Launch of Environmental Impact Reporting in Agriculture (EIRA) with Clarmondial and Wageningen University

Clarmondial AG and Wageningen Environmental Research (WEnR), supported by EIT Climate-KIC’s Climate-Smart Agriculture (CSA) Booster, have joined forces on a new initiative to promote transparency and science-based approaches to monitoring environmental impacts in agricultural supply chains.

EIRA (Environmental Impact Reporting for Agriculture) is a new reporting initiative designed to boost environmental stewardship across complex agricultural supply chains by aggregating and synthesizing key environmental impact metrics for agriculture. EIRA is intended to result in a new, low-cost, science-based tool to help financiers and agri-businesses benchmark and compare their environmental impact performance to inform better decision-making, to aggregate existing data sources, and to highlight critical research gaps.

Further information is available in the full press release.

Note from the Executive Director

Members and Partners of the Conservation Finance Alliance,
 
It is a great pleasure and an honor to address you as the first Executive Director of the CFA.  As someone who has worked in this field for many years, I have greatly benefited from the rich array of resources the CFA has developed and made available over the years and if you are reading this note, I imagine you have as well.  This wealth of knowledge on the CFA website – searchable published and grey literature resources, the Environmental Funds Toolkit – and in targeted publications such as the CTF Practice StandardsConservation Trust Fund Investment SurveysCFA’s webinar series, and at various meetings, trainings and workshops held at global and regional conferences – provides essential nutrients to the growing ecosystem of global conservation finance practitioners.  As members and partners of the CFA, you are the source of this knowledge and information and hopefully the beneficiary of these efforts as well.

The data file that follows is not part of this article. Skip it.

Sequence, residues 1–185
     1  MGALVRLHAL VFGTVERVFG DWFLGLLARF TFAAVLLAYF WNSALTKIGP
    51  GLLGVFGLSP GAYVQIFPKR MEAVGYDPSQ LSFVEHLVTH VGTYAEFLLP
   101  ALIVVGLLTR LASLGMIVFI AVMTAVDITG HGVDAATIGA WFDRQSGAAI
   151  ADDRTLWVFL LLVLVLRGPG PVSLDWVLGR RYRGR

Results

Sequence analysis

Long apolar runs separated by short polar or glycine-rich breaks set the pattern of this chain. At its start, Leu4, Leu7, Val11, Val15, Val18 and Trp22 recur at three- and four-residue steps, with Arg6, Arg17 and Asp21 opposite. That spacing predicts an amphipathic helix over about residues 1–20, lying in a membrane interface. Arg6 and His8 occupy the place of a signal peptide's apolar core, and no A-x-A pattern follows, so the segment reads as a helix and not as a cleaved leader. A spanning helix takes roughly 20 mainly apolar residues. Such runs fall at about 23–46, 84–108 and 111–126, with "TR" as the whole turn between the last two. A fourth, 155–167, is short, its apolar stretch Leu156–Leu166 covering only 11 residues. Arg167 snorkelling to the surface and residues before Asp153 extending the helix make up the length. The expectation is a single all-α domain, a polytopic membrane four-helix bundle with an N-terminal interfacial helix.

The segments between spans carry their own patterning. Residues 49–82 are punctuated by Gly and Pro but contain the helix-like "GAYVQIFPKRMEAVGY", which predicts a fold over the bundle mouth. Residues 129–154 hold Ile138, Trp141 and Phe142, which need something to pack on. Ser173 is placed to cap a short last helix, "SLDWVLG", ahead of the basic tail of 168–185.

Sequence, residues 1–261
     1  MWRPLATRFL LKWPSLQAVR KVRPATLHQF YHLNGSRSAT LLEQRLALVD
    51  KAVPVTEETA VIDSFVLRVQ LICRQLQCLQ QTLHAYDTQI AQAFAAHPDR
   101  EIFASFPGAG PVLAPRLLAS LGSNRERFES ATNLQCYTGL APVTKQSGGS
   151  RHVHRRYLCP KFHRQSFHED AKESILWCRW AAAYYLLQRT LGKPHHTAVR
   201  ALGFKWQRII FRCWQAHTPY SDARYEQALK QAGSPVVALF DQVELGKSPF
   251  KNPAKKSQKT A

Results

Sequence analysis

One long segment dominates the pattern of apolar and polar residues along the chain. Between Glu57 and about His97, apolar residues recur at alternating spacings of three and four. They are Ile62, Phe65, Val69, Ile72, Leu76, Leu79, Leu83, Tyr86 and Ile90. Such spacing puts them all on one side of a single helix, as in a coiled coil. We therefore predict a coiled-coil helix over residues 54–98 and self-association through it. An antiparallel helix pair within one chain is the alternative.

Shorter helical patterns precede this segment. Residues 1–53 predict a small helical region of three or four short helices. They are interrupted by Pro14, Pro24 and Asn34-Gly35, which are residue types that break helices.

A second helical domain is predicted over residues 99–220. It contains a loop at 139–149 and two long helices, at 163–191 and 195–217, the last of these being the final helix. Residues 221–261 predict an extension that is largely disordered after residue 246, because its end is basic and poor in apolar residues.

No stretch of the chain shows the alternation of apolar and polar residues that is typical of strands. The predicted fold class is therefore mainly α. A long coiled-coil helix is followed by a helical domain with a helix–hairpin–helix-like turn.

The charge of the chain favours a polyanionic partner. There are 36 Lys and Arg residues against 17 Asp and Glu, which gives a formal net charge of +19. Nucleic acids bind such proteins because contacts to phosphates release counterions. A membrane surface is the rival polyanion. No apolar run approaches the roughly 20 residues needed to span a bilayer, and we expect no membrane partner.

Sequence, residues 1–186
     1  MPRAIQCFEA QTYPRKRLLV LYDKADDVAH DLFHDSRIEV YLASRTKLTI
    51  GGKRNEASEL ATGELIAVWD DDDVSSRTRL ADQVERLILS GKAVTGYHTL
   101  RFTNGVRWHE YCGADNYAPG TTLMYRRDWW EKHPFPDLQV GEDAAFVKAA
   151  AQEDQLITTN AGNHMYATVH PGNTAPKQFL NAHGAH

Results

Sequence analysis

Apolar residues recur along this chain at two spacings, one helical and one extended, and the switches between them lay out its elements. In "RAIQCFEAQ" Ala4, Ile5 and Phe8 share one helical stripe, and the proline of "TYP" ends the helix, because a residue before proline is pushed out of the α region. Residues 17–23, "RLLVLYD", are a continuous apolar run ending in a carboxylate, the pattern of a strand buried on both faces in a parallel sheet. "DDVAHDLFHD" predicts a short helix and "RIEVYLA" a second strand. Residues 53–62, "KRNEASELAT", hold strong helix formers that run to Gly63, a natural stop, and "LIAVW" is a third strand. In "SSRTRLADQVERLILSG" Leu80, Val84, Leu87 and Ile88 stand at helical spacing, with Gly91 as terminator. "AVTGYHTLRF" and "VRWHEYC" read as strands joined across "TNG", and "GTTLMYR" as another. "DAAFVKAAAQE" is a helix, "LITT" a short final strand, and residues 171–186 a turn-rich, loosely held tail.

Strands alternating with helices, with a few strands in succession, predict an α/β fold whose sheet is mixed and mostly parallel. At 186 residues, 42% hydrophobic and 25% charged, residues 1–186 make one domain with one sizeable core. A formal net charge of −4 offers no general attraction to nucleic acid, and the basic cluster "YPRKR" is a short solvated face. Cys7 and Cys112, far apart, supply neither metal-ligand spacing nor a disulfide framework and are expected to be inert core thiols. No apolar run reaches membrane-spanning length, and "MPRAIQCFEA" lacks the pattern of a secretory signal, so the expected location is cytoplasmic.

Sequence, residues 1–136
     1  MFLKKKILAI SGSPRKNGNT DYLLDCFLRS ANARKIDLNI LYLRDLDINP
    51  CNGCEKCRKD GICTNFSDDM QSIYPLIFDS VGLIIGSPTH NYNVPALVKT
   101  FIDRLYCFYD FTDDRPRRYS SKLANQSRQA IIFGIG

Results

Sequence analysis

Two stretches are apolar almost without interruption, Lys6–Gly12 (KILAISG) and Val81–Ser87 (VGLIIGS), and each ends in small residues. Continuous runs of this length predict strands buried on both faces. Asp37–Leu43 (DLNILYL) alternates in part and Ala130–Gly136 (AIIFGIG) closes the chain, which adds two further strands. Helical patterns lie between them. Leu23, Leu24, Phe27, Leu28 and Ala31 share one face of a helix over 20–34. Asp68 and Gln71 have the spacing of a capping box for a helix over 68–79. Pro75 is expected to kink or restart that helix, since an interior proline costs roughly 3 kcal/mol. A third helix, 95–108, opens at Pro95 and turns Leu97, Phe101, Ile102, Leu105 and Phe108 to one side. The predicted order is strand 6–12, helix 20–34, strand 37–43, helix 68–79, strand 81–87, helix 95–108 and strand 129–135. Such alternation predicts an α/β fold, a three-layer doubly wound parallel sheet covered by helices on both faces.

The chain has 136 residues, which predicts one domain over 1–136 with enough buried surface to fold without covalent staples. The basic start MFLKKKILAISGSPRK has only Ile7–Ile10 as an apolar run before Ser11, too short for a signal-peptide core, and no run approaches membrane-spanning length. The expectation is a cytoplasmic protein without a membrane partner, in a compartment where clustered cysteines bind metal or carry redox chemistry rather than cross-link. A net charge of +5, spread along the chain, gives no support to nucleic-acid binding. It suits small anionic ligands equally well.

I have begun reaching out to partners and members to gather background information and to harness your insights into how the CFA can optimize its historical assets and advance our shared objectives.  A more formal process will be developed shortly and we will organize an online “general assembly” to share recent developments and collaboratively plan a path forward.  Please stay tuned for upcoming announcements and communications.
 
Warm Regards,

David Meyers Short.jpg
 

David Meyers
Executive Director, CFA

New Report on Innovation for Coral Finance

The 2018 International Year of the Reef is an opportunity for the world’s media to highlight the many threats faced by coral ecosystems and the need to protect them. One of the main challenges faced when implementing coral conservation activities is the financing of it; the funds currently needed to achieve effective and lasting conservation greatly exceed the available funds, generating a substantial financing gap.

To explore ways of reducing this gap, the International Coral Reef Initiative releases a study of opportunities offered by innovative financing mechanisms for coral conservation. The seven most promising notions are presented. The report prompts for more integrated models, notably using a business-model approach. It introduces four example business models addressing specific coral-context challenges and how they can be used by local conservationists and decision-makers as a tool to make coral conservation sustainable. These examples are paving the way for dozens of customised coral business models still to be designed. We hope this first report will help renew the approach of coral finance.

The report is available here for download.